Monday, February 10, 2014

Wire Tinning Solder Pot

 I need a way to tin the hard wires which brace the internal structure of the wings and fuselage.  When the WACO was built the wire was available already tinned.  Today they only sell it un-tinned.  The wire comes wound as a coil about 2 feet in diameter. The easy way to tin it is to tin it while it's in a loose coil by slowly winding the strand of wire through a long skinny solder pot.  It would also help with soldering the wire wrapped ends of the external brace wires.  To make a long skinny solder pot I bought an 18" piece of zinc plated steel Strut Channel from McMaster-Carr.  The channel is 1-5/8" wide x 1-5/8" deep, perfect for a solder pot.  To close the ends I cut a tab on each end and folded it over.  I cut along the bottom with the band saw and then cut off the tab on one side. To make the tab fit, when bent over, I used the die grinder to cut 45 degree notches.  It's not shown in this picture but I did cut the end of the tab as well.

 To make the bend I fit a block of hard wood in the end and clamped it so it wouldn't move.  Then I just hammered the tab over to fit.  Before I made the bend I sand blasted off the plating where I needed to weld the edges to seal it.  The tab sticking out on the bottom is there to mount the pot to the heating element. I drilled a 1/4" hole in each end to line up with the holes in the heating element.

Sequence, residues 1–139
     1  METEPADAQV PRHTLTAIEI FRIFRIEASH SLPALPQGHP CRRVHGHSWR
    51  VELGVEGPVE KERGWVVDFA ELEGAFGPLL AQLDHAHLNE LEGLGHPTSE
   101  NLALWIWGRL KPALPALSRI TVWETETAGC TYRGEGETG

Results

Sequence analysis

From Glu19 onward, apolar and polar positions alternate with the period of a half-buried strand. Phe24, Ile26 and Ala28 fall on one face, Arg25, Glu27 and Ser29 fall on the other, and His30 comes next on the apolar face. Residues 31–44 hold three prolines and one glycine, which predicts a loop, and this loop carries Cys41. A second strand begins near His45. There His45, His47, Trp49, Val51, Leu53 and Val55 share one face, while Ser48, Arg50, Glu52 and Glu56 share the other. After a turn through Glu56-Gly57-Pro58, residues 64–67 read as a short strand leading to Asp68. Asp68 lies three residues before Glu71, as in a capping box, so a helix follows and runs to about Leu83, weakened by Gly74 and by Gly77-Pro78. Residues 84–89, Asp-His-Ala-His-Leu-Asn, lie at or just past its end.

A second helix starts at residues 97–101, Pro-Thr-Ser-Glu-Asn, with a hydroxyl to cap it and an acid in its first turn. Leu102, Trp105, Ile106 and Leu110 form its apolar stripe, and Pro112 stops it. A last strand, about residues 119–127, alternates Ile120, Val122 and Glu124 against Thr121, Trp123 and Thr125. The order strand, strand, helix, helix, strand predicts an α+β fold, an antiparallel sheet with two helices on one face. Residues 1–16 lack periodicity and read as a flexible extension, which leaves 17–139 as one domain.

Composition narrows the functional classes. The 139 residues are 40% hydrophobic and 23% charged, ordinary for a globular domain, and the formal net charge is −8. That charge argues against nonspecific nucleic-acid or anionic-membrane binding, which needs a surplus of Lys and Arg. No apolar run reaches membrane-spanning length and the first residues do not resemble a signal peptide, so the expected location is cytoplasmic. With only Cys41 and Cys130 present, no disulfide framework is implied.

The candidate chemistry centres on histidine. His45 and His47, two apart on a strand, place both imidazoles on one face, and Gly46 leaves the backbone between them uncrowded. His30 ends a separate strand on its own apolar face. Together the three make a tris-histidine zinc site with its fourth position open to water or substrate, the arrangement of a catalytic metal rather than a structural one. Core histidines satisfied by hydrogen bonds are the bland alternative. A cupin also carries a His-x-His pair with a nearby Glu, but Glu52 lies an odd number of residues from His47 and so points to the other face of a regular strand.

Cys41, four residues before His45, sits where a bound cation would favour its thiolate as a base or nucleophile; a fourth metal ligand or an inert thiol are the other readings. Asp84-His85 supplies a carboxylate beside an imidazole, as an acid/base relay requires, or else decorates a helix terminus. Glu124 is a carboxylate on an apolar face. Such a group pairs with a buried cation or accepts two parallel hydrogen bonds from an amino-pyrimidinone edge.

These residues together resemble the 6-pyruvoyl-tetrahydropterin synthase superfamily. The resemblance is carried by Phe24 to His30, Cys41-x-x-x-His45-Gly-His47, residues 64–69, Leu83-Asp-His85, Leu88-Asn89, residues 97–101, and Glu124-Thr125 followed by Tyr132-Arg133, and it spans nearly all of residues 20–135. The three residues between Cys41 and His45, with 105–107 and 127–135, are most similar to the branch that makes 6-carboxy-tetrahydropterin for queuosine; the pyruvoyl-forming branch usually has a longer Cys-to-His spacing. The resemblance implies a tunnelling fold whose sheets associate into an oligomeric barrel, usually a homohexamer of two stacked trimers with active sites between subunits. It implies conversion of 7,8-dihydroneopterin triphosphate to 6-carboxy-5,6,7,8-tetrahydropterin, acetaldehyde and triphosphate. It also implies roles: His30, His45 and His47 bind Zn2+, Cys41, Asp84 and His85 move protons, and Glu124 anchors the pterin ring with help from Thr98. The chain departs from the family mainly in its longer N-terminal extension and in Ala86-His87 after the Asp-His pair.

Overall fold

I also bent up and welded a support for the pot so it would all set up away from the wooden base I used to mount everything.  The piece setting between the support and the pot is the heating element.  It's a strip heater from McMaster-Carr which is used to heat dies and othe machine tools.  It fits perfect under the pot being 1-1/2" wide.  It's a 400 watt heater which runs on 120volts (3.3 amps).  It heats to a maximum of 1200 degrees F. so I went to Lowes and bought a dimmer designed to handle 600 watts.
 The parts are welded here and the heater is setting on the support.  The white stuff is Heat Sink Compound from Aircraft Spruce.  It helps transfer the heat from the heater to the pot neither of which is perfectly flat.

 All the parts are assembled.  I still plan to pack the box with fiberglass insulation to reduce the heat needed to maintain the temperature.  I also need a thermometer to monitor the temperature in the solder (50/50) so it's just hot enough to flow well.  I may add a light so I can tell if the electricity is on.  The dimmer is designed so you push it in to switch it on and off, but without a light you have to wait for it to get hot to know which way it's switched.
It works!  The solder bar is melting.  I bought 5 lb. bars of 50/50 solder through Amazon.

Now I need to build a stand for the wire coil and work out a method to feed it through the pot.